Etiquettes, Society Public Rights and their Impact on the Development of the Society
خطبة الجمعة القادمة لوزارة الاوقاف المصرية: الآداب والحقوق العامة للمجتمع وأثرها في رقيه وبناء حضارته باللغة الإنجليزية بتاريخ 9 ذو القعدة 1440 هـ الموافق 12 يوليو 2019 .
All praise is due to Allah, the Lord of all worlds, Who says in His Ever Glorious Book, “Say, ‘My Lord has guided me to a straight path, an upright religion, the faith of Abraham, a man of pure faith. He was not a polytheist.’” I bear witness that there is no god but Allah, and that Muhammad is His Servant and Messenger; who said, “My Lord has taught me good manners and He has taught me in the best way.” May Allah’s Peace and Blessings be upon him, his Household, Companions and upon those who follow their path to the Day of Judgment.
Islam has come with an integrated approach that regulates man’s relationship with his Lord, other people, and the whole universe. The Islamic Shari’ah is rich with many etiquettes and good manners that contribute to the progress and prosperity of the society. From these manners is: The etiquettes of seeking permission to enter a place. Islam has ordered us to seek a permission making this etiquette a means to protect people’s privacy, as the Almighty Allah says, “Believers, do not enter other people’s houses until you have asked permission to do so and greeted those inside- that is best for you: perhaps you will bear this in mind.” The Prophet (PBUH) taught us the etiquettes of seeking permission, including starting with salutation and then mentioning your name. Once, a man asked the Prophet’s permission (to enter the house). When he was in the house, he said: May I enter? The Prophet (PBUH) said to his servant: Go out to this (man) and teach him how to ask permission to enter the house, and say to him: “Say: Peace be upon you. May I enter?” The man heard it and said: Peace be upon you! May I enter? The Prophet (PBUH) permitted him and he entered. Also, Jabir narrated that, “Once, I sought permission to enter upon the Prophet (PBUH), so he said: ‘Who is this?’ I said: ‘Me.’ The Prophet replied, “Me, me!’It seemed that he disliked that.”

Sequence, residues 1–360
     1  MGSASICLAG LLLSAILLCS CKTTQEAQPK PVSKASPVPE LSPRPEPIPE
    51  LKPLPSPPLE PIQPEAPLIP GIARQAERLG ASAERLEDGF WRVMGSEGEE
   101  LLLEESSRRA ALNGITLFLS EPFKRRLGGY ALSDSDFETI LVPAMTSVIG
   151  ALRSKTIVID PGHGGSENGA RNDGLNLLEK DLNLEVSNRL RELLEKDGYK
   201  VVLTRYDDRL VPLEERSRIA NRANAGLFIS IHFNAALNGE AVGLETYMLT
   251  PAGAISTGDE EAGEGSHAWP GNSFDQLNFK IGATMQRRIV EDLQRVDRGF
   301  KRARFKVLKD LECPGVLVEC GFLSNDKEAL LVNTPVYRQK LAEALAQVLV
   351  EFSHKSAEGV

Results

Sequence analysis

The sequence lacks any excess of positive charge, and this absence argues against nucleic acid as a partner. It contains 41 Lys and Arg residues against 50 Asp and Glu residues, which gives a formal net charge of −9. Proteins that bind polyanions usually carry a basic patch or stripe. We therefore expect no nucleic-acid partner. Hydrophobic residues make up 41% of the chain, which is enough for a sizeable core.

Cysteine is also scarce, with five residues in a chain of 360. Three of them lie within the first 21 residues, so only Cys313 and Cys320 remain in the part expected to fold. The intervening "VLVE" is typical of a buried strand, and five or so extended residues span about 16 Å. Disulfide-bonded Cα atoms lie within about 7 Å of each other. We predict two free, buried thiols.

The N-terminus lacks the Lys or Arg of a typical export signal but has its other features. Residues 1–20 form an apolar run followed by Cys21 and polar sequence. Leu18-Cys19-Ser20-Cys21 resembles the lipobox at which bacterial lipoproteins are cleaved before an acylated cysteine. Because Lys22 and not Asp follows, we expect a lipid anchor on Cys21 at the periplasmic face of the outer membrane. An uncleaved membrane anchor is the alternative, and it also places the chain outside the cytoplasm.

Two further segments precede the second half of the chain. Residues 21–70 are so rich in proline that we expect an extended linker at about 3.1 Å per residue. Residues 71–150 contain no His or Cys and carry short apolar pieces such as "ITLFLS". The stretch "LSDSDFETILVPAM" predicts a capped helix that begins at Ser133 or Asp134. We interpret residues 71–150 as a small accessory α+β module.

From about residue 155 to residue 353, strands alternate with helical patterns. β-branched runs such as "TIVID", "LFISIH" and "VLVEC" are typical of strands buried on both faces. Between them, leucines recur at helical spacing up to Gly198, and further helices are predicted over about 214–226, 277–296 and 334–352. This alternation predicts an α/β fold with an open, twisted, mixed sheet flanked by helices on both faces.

Also, from the ettiquetes of seeking permission is to lower one’s gaze and not to look inside the house. The Prophet (PBUH) said, “Seeking permission to enter (somebody’s house) has been prescribed in order to restrain the eyes (from looking at something we are not supposed to look at).” Also, Sa’d Ibn Ubadah narrated that once he sought permission to enter a house while he was standing in front of the door, so the Prophet (PBUH) said to him “when you seek permission to enter a house, do not stand in front of the door.” It is reported that whenever the Prophet wanted to seek a permission to enter a house, he would not stand in front of the door. Rather, he would stand to the right of the left side.
Another moral that Islam urged us to have is: the etiquettes of streets and public places: Islam stated that there are etiquettes that must be followed in streets. The Prophet (PBuh) said, “Avoid sitting by the road side.” The people then said, “O Allah’s Messenger, we cannot do without those meeting places in which we converse.” So he (PBUH) said, “If you have to sit at all, then fulfil the road its due rights.” They asked, ‘What are the road’s due rights?’ He replied, “Keeping the eye downward (so that you may not stare at the women), refraining from doing harm to the other and exchanging mutual greetings, and commanding the good and forbidding the evil.”Also, the Prophet (PBUH) said, “Faith has over seventy branches – or over sixty branches – the uppermost of which is the declaration that none has the right to be worshipped but Allah; and the least of which is the removal of harmful objects from the road, and modesty is a branch of faith.”